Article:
I think there's room for all of these approaches, quite honestly. That Christian landscaper might get some wonderful opportunities to witness, particularly if he's respected as a landscaper. The same could be very true of a writer. God being the lover of variety that He is, I think He can use all of those approaches and we just have to find out which one He's called us to do.

  10. From my experience fantasy writers handle the idea of God in one of three ways.

    1) There is a world with lots of gods, none of them all powerful. This way they can have their gods do what ever they want and no one is going to compare them to what the reader might believe God is. This is the easy way out.

    2) There is no god at all, there is just magic, or nature. They don't have to worry about people not liking the way they portray god, because they don't. This is the way of denial.

    3) There is one God. Everyone who reads the story will then try to figure out. The writer has to be very carful how he or she portrays God because people in some group will be offended. This is the way of blasphemy.

    Some writers combined #2 and #3 and just hint at God a little, without saying much.

    In my own WIP I'm struggling with how to be true to who I understand God to be, while knowing that my understanding is limited. One way that I am taking a step back from saying, "This is how God is." in the story, to to instead show how the characters view God and respond to him.

    One of the characters is wrestling with God because he doesn't understand God's plan for his life, in fact he questions if there is a plan.

    Another character only responds to God tangentially, offering up a prayer only when things are really bad. But she does see God's hand working at least a little.

    And as Pam said, I'm trying to tell a story about another world, but in our same universe, not some alternate one. So I am waling that line of blasphemy very carefully.

    I also thought it was interesting that both Pan and Christine have holy scriptures. I have started writing my own as well. More on that later.

  11. Douglas, I don't think that only having one god in a story is blasphemy. Blasphemy would be turning a Christ-figure into a demon or a liar. The Da Vinci Code is blasphemy, from what I know of it. I haven't read it.

    Having one god could be allegory. Or symbolism.

    Janet, I love your post, especially the landscaper comment! I love what John Grisham said, that he isn't a Christian writer, but a writer who happens to be a Christian.

  12. Pam, I think that anyone who protests loudly against expressions of faith is bitter because they haven't found it yet, or had it and were disappointed. If it were truly so ridiculous, it wouldn't warrant such strident criticism. It could simply be ignored.

  13. Great discussion!

    I'm not sure NOT including God is denial. The Book of Esther doesn't include God, yet He's there. TLOTR doesn't include God, yet Tolkien's Christian worldview comes through. Narnia doesn't include God, yet Christian themes and characteristics abound.

    I think it all comes down to how we handle God. Is religion a natural part of the people? Or is the author shoving a message at the reader?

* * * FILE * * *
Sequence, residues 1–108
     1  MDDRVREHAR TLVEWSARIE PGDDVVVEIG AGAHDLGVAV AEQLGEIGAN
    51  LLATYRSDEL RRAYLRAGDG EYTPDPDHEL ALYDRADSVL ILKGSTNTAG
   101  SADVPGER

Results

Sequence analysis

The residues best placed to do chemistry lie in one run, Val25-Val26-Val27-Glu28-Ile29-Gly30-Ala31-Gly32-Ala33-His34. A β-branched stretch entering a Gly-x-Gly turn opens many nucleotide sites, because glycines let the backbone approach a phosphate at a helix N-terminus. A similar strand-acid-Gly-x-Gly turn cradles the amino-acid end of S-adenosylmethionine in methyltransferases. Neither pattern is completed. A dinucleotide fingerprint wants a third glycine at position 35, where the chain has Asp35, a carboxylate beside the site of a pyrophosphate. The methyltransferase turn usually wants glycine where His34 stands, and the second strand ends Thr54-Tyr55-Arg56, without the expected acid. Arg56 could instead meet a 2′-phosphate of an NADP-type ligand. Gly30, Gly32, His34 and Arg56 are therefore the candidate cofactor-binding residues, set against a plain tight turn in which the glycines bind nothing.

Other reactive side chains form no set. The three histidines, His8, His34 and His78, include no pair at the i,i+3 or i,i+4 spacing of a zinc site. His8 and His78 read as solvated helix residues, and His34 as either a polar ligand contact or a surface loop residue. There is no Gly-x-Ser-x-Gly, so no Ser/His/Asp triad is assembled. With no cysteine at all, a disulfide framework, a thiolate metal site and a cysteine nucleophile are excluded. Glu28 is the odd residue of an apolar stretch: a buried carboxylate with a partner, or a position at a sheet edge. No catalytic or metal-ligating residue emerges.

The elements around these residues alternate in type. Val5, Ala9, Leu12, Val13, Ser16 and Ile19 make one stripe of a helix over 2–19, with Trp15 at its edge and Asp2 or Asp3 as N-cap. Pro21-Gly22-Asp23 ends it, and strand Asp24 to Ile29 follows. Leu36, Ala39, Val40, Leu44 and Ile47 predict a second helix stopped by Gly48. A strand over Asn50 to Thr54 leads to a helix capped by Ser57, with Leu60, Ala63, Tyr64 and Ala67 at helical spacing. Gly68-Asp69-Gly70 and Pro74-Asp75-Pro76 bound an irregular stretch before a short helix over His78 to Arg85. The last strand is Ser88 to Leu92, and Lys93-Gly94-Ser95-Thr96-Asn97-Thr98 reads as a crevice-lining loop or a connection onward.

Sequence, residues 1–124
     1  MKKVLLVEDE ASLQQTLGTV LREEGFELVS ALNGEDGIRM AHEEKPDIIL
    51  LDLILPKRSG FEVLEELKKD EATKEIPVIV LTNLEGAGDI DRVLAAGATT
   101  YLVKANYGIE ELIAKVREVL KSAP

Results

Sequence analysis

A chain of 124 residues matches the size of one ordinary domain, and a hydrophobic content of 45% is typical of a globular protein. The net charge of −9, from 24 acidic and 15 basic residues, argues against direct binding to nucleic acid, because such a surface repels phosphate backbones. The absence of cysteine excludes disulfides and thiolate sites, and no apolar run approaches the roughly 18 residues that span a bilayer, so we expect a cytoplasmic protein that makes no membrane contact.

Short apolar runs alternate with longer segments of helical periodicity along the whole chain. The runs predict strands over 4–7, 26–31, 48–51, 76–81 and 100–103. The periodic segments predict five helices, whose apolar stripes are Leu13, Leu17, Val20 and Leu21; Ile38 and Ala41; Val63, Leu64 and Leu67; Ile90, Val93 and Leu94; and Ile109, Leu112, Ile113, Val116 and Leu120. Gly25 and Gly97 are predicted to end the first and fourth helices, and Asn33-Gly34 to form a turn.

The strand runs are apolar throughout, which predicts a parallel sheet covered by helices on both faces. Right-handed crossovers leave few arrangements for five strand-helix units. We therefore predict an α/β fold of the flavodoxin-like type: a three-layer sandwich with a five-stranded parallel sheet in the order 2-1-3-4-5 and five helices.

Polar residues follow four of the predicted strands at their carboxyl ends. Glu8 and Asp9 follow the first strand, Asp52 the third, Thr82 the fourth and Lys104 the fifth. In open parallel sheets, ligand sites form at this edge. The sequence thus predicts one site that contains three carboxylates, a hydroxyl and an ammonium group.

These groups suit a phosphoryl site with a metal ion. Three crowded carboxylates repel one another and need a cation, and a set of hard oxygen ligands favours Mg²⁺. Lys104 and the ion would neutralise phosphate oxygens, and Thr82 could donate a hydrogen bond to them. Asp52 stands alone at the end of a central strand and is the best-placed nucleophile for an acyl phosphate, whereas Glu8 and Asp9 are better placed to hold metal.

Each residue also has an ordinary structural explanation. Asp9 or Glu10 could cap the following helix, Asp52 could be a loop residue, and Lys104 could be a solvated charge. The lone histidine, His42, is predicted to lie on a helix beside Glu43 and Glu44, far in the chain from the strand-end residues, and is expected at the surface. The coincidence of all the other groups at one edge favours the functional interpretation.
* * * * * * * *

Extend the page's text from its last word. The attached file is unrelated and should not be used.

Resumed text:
As a Christian person, my faith comes out in my writing. God is such a part of my life, it's natural to include Him in my stories, too. Of course, this limits where I can send my manuscripts, but I'm okay with that.

  14. Christine,

    You misunderstood me, or I wasn't clear. I did mean to say that have a story that has only one God is blasphemy. What I meant was that if you do only have one god represented in the story, people will look at how you are portraying him and might say that your writing is blasphemy. And chance are someone will disagree with you.

    I think the right thing to do is portray God as honestly as you can, just be aware that some people might judge you.

    Can you imagine if Aslan had dies twice and come back twice. What kind of up roar would that have caused.

    Or if my God is too Old Testament, or too inclusive.

    There are a lot of people who are upset with how God is portrayed in The Shack. The author says on his website that traditional christian publishers wouldn't touch his book so he had to self publish.

    I also agree with the other comments, you should only talk about God or God related things to the extent that it is important to the story and the characters in the story. Just because your characters go to church on Sunday, doesn't mean you have to include a church service in the story, or even say that they do go to church. On the other hand, if a character is about to make a big moral decision, it's probably okay to bring up that memory about being a good Samaritan.

    I also apologies to anyone who might be offended because I tried to lump everyone's writing into three buckets. There are as many ways to reveal God and there are writers to do it.

    But hey, it did get some discussion going :)

  15. Oh, okay. That makes more sense. And yes, you're right, no matter what you do with it someone will disagree. I know there are some people who, if you have any god figure at all that is not called Jesus Christ, would say it's blasphemy.

    I've tried writing for a Christian publisher and their rules are so strict that I can't write in them. No one can be divorced or Catholic, and everyone has to go to a nondenominational evangelical church. My hero had adopted a child and was a single father, and I was told that was a no-no, too.

  16. There is one "christian" review site and they say you can't have any alcohol, sex, or dancing in your story or they will not even review it.

    Seems a bit harsh.

  17. Alcohol is taboo is some denominations. So is dancing. Premarital sex or adulterous sex is always wrong. Each publishing house or reviewer must be true to what they believe. If they compromise their standards, what's the point of having them?

    We need to handle such things with discernment and grace, keeping within Biblical standards, of course. Glorify the good and show consequences for evil. And we should not judge or condem those who feel differently than we do. God calls everyone to different ways in the grey areas.

    Hope this makes sense.